When we’re launching a brand or a product, it’s easy to jump straight to the execution of the marketing campaign and its tactics. We think of a contest idea for Instagram, or start planning budget for Facebook ads, or maybe we start creating some great video content for YouTube, or an email blast. There’s an important step missing here, though, that’s absolutely crucial: setting an objective.
Without an objective, we’re working in the dark. We can’t possibly choose the right tools for that objective if we don’t know what it is, and we certainly won’t be able to measure its success after the campaign has finished as we won’t have anything to measure against. Setting a clear objective will allow you to focus your time and money when faced with choices between different activities and platforms, and will ensure that you can assess your results against that original objective. If you’re working with an agency, this will also help you to hold them accountable (make sure you set the objectives together).
Ultimately, of course, what most businesses want is sales. That may or may not be the primary objective of a particular campaign, however. Let’s say you’re just launching a new brand – nobody’s heard of you, you haven’t established any credibility or built any trust – in which case asking people to buy from you right away is a very big leap.
Here are some different objectives that you may want to consider:
1. Building awareness
In the example above, when you’re launching a new brand – or a product, for that matter – then your objective is likely to be primarily one of building awareness that your brand, or product, even exists. This means getting to where your potential customer is receptive to your message and introducing them to who you are and the benefits that you offer. With an awareness objective especially, you’ll want to make sure you are targeting a specific audience and market so that your money works hard for you and so that you don’t spread yourself too thin.
KPIs (Key Performance Indicators): advertising impressions, number of new website visitors, social mentions
2. Generating leads
A lot of marketing advice for small businesses is about generating leads, often in the form of gathering the email addresses of prospective clients. This allows you to communicate with these prospects and build a relationship with them, continuing the conversation after the first contact, demonstrating additional value and, eventually, asking for that sale. The simplest way to get these leads is with an opt-in form on your website, offering helpful content such as a checklist, an ebook, a video course, etc. in return for the customer’s details. Of course these shouldn’t just be any leads but rather qualified leads, i.e. prospects who you will be able to serve with your products and services.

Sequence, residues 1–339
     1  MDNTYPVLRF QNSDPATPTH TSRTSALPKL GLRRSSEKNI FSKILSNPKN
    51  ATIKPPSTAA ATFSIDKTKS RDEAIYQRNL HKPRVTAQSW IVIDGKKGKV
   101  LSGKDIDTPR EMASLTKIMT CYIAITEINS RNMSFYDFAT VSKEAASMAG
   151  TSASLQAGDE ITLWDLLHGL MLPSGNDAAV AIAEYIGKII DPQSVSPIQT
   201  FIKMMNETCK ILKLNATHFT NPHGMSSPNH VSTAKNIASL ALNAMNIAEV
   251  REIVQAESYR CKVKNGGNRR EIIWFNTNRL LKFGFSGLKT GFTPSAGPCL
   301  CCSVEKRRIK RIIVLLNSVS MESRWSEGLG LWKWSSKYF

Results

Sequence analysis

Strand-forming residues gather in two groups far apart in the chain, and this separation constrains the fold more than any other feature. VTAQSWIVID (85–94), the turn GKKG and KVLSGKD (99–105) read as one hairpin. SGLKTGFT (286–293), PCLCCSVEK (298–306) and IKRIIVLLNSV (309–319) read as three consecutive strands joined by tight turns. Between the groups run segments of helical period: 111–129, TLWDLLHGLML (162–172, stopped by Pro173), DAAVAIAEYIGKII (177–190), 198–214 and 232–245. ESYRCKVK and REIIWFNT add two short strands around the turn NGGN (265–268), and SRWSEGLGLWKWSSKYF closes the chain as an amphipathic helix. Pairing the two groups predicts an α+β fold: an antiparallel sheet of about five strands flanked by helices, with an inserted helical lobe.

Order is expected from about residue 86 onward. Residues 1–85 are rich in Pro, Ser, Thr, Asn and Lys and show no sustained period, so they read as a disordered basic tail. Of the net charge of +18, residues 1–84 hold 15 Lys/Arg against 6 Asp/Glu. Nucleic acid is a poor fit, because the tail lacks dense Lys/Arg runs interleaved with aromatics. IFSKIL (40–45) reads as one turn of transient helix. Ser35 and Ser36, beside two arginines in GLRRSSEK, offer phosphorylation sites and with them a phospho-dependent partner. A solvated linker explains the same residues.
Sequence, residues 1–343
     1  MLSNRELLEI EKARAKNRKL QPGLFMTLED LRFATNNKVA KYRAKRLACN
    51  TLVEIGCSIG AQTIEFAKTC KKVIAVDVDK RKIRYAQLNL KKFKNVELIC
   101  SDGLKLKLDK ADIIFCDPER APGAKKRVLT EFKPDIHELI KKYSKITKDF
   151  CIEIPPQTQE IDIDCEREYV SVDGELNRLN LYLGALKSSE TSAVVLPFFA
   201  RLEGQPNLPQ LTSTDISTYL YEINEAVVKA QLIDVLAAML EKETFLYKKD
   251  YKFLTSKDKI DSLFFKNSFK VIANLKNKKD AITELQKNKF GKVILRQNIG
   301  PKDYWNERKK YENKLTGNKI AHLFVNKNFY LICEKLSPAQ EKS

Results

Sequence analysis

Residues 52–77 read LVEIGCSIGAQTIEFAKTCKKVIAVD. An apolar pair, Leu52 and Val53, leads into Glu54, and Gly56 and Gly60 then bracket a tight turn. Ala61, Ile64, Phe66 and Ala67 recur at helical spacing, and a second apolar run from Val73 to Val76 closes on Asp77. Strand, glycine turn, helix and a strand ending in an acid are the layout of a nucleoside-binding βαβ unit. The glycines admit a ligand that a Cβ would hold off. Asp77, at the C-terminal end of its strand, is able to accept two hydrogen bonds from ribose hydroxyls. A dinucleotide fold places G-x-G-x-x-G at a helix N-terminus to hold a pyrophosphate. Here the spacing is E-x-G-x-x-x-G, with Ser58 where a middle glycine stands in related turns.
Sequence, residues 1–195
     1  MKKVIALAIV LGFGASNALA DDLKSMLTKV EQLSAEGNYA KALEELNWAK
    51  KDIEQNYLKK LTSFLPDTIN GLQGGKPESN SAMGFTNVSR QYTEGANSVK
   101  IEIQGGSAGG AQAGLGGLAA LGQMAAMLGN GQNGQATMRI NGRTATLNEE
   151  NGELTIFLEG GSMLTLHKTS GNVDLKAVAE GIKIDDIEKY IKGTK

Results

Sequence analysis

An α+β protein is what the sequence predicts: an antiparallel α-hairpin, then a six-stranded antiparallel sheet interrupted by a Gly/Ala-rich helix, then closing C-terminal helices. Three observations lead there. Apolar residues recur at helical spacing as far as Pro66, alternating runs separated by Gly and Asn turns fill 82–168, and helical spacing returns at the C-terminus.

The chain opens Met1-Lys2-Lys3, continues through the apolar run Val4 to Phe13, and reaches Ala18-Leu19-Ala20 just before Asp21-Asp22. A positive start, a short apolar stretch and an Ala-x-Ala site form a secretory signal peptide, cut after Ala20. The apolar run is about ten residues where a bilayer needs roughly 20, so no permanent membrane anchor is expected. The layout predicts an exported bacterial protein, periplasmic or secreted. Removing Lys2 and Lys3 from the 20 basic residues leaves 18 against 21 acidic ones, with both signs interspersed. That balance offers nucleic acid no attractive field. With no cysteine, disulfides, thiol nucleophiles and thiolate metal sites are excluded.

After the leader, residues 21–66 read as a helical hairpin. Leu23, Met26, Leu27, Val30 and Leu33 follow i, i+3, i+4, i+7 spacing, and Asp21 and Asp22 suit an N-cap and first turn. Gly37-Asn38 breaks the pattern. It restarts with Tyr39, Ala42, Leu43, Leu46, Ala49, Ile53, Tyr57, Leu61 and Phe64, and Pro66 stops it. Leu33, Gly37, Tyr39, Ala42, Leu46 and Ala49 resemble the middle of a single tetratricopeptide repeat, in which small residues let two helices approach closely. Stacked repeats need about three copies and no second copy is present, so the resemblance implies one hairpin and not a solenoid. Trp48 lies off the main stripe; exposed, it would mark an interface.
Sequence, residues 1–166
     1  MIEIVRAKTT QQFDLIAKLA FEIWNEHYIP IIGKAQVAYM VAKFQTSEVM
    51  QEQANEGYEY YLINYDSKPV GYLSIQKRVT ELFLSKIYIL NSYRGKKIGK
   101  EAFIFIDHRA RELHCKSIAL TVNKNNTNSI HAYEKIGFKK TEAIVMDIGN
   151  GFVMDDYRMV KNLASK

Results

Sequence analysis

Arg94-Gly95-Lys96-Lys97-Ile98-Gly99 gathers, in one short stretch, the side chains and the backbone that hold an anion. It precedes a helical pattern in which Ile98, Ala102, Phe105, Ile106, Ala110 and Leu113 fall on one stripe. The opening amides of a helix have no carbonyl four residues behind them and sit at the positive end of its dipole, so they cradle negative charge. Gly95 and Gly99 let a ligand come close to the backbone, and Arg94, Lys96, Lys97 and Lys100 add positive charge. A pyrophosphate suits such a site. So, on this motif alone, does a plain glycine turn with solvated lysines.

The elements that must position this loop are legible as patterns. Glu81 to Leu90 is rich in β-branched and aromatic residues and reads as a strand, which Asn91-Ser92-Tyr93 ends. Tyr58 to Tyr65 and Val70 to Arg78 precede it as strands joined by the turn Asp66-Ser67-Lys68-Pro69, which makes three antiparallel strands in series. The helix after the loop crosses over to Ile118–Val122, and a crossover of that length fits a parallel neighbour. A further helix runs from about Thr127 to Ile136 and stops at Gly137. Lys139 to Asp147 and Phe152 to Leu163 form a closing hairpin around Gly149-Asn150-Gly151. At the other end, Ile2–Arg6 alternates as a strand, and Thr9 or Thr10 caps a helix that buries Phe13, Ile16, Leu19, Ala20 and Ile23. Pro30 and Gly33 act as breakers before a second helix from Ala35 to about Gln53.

KPIs: conversion rate on your opt-in forms, number of opt-ins, size of email list
3. Increasing engagement
When we first started to use Facebook pages, managers were focused on simply getting more likes on the page; since then we’ve realised that those likes don’t mean anything if your followers are not engaging with your content. You can add further value and nurture relationships with your leads and followers by investing in content creation to entertain or inspire those prospects and so build your brand reputation. Education may also be a specific objective here, i.e. educating the prospect on the value of your products or services to bring them closer to a purchase decision. You might create content that compares your product to its competitors, or write “how-to” articles that add value beyond just talking about the product benefits.
KPIs: time spent on your website, bounce rate, pages viewed per session, video views, comments, shares
4. Driving sales
Driving sales may be the ultimate goal of everything you do, but even this goal can be broken down: Are you looking to drive volume (number of sales) or $ value? Do you want to drive acquisition of new customers, increase the average order value or basket size, or drive repeat purchases among existing customers? Which objective you choose will depend on the nature of your industry and your product, and will clearly drive different tactical choices: you might increase the basket size by offering complimentary products or up-selling at checkout; or you might drive repeat purchases by maintaining regular communication with past customers and perhaps sharing exclusive offers or discounts.
KPIs: number and value of total sales, average order value or baset size, repeat purchases
5. Building loyalty and advocacy
Of course, your work doesn’t end with the sale; once the sale is completed, there’s still a question of providing quality customer service, creating loyalty and driving advocacy to maintain and build your brand. What does your returns and repairs policy look like? How can you add value to a customer after the purchase? How can you encourage customers to leave positive reviews or testimonials, and to recommend you to their friends? In today’s world of online and social this post-purchase stage is absolutely crucial and you’re missing a big opportunity, or even damaging your brand, by neglecting it.
KPIs: customer retention rates, ratings and reviews, Net Promoter Score
Whatever you choose to focus on, you’ll want to get as specific as you can, quantifying the objective and setting a deadline where possible, alongside other more qualitative measures. For example, “Increase the number of visitors to the site from 10,000 to 50,000 in the next year”, “Increase the average order value to £50 per customer by the end of October”.
If you want to discuss how to set specific objectives on your business, get in touch via Clarity: Anna Lundberg, Branding & marketing strategy expert – Creating and Growing Your Brand & Winning in Social Media – Clarity.